Friday, January 15, 2016

Brief Interview with Abdul Ali

A portfolio of work by Abdul Ali introduced by poet Grace Cavalieri appears in the Fall/Winter 2015 issue of Poet Lore, the poetry publication of The Writer’s Center. Abdul Ali is the author of Trouble Sleeping, winner of 2014 New Issues Poetry Prize. His poetry, essays, and interviews have appeared or are forthcoming in GargoyleGathering of TribesNational Public RadioNew Contrast (South Africa), Academy of American Poets (,  and the anthology, Full Moon on K Street. He teaches English at The Bryn Mawr School in Baltimore. Editorial assistant Taylor Johnson emailed Ali with questions about his work and influences.

Taylor Johnson: Who is in the room with you (metaphorically) when you write—what teachers, literary giants?
Abdul Ali: I think you're asking about my influences. I often think of the older black men in the barbershop who always told stories when I was a kid. I don't think anyone could match the improvisation and humor of their stories. I hope I'm bringing the jazz musicians, the MCs, the BAM poets, Dark Room Collective, etc. But I'm also thinking of my professors and mentors. Always trying to surprise myself.

TJ: What drew you to the life of Charlie Parker? How does his music and sense of time play into your work?
AA: I'm drawn to the artist as a tragic figure. It's a complicated thing. How the thing that you tell young people to stay away from (e.g. drugs) can also be the thing to help the artist access the sublime. I also really like how jazz music says so much without words. This is very similar to poetry: how to take sight and sound and feeling and make a poem of consequence.

TJ: There’s a strong tradition within modern American poetry to detail the pastorale, and how there seems to be a turn toward the wild and wilderness, and the urban pastorale within contemporary American poetry. How does your environment (past, present, real, imagined) find its way into your work?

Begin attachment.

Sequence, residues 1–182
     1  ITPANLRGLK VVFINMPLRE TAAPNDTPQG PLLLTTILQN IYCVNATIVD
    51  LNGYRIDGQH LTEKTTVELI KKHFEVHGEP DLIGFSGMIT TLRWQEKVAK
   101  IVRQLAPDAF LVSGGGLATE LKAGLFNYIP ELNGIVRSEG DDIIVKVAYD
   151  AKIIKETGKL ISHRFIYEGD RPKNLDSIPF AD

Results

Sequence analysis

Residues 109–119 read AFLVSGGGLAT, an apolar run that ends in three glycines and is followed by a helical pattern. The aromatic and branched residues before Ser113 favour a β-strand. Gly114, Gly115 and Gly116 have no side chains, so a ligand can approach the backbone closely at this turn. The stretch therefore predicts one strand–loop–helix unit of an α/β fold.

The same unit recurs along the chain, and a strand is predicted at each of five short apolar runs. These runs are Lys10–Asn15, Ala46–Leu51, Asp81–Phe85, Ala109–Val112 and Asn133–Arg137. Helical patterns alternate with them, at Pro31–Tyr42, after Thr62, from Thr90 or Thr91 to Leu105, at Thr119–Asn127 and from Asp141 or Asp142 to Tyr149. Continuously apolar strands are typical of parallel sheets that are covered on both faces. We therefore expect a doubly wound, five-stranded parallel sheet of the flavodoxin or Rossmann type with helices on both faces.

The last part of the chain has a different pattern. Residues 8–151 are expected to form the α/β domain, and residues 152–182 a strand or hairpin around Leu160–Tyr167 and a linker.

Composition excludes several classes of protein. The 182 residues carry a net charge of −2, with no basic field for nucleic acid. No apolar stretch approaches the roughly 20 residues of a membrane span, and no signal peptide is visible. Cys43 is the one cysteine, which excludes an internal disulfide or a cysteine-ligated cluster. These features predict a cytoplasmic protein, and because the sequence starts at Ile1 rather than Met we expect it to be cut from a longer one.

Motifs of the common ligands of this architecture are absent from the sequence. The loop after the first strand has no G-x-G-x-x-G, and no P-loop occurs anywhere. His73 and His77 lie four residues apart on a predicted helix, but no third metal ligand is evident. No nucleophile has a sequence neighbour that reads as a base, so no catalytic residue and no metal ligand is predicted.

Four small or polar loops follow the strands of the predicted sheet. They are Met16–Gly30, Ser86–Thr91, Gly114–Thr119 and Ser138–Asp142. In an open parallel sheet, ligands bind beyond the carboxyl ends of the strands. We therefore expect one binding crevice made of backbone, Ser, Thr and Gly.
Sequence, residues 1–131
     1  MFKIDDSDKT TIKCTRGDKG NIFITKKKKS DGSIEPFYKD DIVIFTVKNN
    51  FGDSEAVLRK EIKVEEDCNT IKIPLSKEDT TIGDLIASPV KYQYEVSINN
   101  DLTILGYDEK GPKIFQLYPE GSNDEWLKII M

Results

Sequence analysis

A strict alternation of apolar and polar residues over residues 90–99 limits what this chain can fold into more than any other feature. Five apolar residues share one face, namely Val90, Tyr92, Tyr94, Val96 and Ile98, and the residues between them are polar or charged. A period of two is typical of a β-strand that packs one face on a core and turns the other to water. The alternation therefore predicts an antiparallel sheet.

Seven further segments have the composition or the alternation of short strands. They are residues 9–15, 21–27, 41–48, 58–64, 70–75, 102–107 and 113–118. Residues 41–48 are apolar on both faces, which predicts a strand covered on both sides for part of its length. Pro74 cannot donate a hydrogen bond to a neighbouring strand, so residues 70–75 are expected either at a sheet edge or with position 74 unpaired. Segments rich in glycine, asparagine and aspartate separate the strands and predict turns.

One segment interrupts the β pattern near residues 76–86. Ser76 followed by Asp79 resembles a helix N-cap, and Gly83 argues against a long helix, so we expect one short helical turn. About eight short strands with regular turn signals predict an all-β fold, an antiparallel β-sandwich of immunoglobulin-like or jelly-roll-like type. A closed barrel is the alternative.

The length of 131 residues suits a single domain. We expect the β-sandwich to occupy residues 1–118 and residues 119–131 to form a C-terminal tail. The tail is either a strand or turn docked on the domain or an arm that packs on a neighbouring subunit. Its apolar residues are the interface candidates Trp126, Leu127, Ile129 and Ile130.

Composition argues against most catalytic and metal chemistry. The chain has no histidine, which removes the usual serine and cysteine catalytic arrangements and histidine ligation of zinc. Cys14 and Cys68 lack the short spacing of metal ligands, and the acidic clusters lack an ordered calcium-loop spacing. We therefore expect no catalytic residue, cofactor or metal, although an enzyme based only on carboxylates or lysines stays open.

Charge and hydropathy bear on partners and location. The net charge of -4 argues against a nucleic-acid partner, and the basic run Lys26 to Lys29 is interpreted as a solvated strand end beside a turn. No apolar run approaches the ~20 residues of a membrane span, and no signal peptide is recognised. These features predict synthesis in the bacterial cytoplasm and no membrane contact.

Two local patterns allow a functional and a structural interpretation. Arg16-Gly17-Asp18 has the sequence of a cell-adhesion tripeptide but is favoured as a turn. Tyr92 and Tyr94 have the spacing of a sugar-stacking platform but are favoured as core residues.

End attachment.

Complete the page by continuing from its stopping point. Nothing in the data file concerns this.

AA: Living in cities for most of my life have definitely framed so much of the content of my poems. Being on the edge of life and death always somehow raises the stakes in your work. I must admit that I miss that intensity now that I live in the suburbs and no longer take public transportation.

TJ: Throughout your poems in this issue of Poet Lore there is a common thread of grief wending its way through the pieces; whether it’s mourning unencumbered sleep, or lamenting the tragic lives of artists and musicians, or detailing the palpable sadness and disgust after the murders of Trayvon Martin and Michael Brown; grief figures prominently in your work. What is your process of writing through grief? Does writing grief transfigure it?
AA: I hadn't realized that I return to grief so much. I suppose poetry is that place I turn to when I'm at a loss for words. And in these cases--nationally--we're at a loss for human life. So, yes, I grieve their deaths in hopes that it can be regenerative. That their losses can somehow tumble into some epiphany about human life. That we can learn something and honor their lives. That someone will say their name and they won't be dead. This gives me peace.

TJ: How has teaching influenced your writing process?
AA: It's certainly has made me more aware of time. The scarcity of it. In many ways, I feel as though my engagement with writing is more intense, more intimate.

TJ: Who are you reading?
AA: I'm just coming out of a dry spell so I'm revisiting folks like Gwendolyn Brooks and Robert Hayden but also reading my contemporaries. It's important for me to see how these conversations change or remain the same. And, of course, I always delight in being surprised by language. Of course as an English teacher I'm constantly reading and re-reading. So this allows me to access the meat of words in a direct way. 

For more information on the current issue of Poet Lore, visit:

Taylor Johnson is a poet from Washington, DC. They are a Callaloo Fellow and their work is forthcoming from the minnesota review. When they are not reading or writing poems, they serve as a docent at the National Museum of African Art.

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